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    7 Section Meeting Takeaways

    1)   Overlapping the meetings really worked – This year we combined the Secretaries/HR, Presidents, and Investment Section meetings in an overlapping schedule at the same location. The cross-pollination really worked as member society executives took advantage of the deep discounts on registration fees to attend multiple Section meetings, compare notes with colleagues from other disciplines, and discuss a wide variety of issues with experts in communications skills to asset management, and everything in between.

    2)   Every CEO could use media training – Hats off to Tim Kuzma, Dave Gautsche, and Rudy Krasovec, the three “volunteers” who participated in mock interviews in a crisis management situation (responding to questions about a fraternal insolvency, a breach of their society’s member records, and a bill to repeal the tax exemption). As participants found out, it’s one thing to discuss these issues with your Board or staff and quite another with a reporter. Speaker training should be a “must do” for every CEO. You may never get a call from “60 Minutes”, but the skills you’ll learn will help you in everything from interviews with prospective job candidates to presentations at your convention.

    3)   A little controversy is a good thing – The “Connecting the Dots” panel was a highlight of the Presidents Section Meeting, as leaders debated the duration of the interest rate environment and its impact on financial services providers.

    4)   Members are engaged – Alliance executives are not shrinking violets. We always have a few questions for each presenter prepared in advance just to get the Q&A sessions going. This year, we did not use one of those questions – members were more than happy to ask the ones we had thought of, plus many more.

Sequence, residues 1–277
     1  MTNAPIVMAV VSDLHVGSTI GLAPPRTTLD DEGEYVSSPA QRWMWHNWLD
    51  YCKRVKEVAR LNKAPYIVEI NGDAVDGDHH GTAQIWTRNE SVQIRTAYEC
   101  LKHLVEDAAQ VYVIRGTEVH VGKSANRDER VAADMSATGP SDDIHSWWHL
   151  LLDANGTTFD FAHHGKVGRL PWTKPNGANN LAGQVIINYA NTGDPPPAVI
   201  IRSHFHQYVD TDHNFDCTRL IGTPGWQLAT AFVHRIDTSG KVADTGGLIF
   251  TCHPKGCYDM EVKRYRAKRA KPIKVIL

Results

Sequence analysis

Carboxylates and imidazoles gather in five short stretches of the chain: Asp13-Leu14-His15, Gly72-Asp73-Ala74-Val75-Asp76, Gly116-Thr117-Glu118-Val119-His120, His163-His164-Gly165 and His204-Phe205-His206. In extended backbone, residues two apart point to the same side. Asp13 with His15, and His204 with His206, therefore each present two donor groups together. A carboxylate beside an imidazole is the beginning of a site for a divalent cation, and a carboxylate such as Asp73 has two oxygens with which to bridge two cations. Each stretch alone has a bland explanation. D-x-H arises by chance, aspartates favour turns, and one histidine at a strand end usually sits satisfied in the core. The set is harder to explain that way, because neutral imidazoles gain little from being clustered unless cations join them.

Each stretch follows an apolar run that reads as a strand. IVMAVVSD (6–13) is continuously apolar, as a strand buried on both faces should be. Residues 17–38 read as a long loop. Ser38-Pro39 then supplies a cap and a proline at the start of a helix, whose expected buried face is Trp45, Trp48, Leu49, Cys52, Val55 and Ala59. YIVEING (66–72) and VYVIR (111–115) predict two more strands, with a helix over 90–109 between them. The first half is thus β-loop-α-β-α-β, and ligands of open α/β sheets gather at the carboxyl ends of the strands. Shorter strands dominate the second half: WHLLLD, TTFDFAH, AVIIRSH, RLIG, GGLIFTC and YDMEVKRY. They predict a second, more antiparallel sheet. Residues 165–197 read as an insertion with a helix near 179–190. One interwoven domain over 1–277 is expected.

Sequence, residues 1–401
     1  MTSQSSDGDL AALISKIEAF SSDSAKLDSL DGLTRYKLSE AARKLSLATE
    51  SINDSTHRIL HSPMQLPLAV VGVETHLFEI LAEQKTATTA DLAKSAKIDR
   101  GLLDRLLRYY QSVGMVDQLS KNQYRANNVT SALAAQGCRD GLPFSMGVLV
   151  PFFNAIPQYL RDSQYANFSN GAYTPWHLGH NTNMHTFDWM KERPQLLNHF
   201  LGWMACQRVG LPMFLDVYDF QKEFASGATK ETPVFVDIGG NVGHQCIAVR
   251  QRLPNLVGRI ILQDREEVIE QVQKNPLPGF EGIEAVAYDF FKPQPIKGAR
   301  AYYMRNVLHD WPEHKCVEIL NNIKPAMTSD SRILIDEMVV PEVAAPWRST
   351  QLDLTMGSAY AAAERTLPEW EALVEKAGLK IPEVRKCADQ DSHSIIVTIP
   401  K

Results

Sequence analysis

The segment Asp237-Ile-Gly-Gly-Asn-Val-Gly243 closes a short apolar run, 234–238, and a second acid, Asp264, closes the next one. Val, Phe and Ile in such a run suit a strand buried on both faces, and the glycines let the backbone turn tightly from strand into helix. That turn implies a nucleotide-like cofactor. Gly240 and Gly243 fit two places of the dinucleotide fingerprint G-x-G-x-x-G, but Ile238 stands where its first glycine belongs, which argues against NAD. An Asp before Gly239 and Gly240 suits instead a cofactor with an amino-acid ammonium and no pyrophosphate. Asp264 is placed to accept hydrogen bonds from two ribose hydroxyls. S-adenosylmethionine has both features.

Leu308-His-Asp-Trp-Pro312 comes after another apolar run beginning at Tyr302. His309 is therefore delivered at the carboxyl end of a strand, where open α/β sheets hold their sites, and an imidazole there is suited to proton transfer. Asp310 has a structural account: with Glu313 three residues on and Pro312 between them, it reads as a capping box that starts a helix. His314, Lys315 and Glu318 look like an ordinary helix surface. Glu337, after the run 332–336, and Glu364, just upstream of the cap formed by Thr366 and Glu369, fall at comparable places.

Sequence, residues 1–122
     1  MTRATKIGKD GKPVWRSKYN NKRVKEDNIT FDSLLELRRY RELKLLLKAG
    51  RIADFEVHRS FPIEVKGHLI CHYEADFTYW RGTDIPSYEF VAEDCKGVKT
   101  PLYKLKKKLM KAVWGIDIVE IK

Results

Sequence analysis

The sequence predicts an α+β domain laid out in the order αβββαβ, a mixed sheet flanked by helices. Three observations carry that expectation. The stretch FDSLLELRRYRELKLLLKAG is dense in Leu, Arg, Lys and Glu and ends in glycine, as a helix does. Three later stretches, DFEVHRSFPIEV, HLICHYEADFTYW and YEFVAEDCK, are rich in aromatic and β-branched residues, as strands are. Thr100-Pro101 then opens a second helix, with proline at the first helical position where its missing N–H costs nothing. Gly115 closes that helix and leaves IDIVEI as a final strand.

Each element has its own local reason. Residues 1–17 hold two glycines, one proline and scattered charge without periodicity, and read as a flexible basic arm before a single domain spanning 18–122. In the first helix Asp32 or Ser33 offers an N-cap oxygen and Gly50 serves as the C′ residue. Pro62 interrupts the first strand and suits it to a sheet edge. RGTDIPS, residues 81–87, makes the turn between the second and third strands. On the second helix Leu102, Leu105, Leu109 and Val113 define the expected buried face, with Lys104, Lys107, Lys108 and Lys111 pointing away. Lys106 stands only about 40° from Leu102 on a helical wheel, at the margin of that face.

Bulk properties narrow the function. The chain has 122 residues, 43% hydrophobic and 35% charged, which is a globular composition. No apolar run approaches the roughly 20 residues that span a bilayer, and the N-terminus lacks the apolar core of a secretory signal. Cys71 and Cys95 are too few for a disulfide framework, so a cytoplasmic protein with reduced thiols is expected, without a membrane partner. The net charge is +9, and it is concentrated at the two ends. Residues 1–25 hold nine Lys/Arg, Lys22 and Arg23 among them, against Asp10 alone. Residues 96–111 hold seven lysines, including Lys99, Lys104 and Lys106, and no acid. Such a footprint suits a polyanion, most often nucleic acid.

5)   It’s all about the networking – The educational sessions are the heart and soul of any Section meeting (and this year’s presentations received stellar reviews from participants), but it’s the conversations in the hallways that create opportunities for strategic alliances, cooperative joint ventures, and consolidations.

    6)   All shapes and sizes were there – Section meetings drew executives from member societies of all segments of the fraternal world – small, medium, and large; ethnic, religious, and general. That tells me the program had topics with broad appeal. And while attendance was excellent – more than two-thirds of the membership was represented at the meetings – it would sure be great if we could get even more members there to benefit from these programs. Over 25 societies missed these valuable meetings – what are your thoughts on how to get them there?

    7)   On-site polling technology is really cool – I confess that I was a doubter, but presenter Greg Jacobson made the polling tool using members’ texting capabilities work unbelievably well. Look for the Alliance to utilize the same feature at our Annual Meeting this September in New Orleans. His polling tool revealed that while many attendees place a high value on leadership development, few in the room carve out the time to focus on it.

    Here are just a few comments from meeting participants’ evaluation forms:

    • Topics were great and relevant.
    • Wonderful value; we’ll make sure to attend future conferences.
    • Timely topics presented in an interesting manner. Well worth the cost.
    • Everyone was friendly and ready to share information.

    We’re in the process of collecting speaker PowerPoints and will post them to the Web site in the next week or so. In the meantime, click on this link to view some meeting photos.

    One Response

    1. In my years in the insurance industry, it has always mystified me that companies or fraternals with problems cut off or reduce education when their finances start to dip. Big mistake! Their peers can help them, certain presentations will help and there is no reason to hide in a corner. By not attending, those fraternals with problems, and I am willing to bet that all 25 have some type of financial problems, have given up the chancce to share with their peers their problems and thus lose the opportunity of great assistance. In some way we must get out the message to come to the meetinbg and let us help you/.

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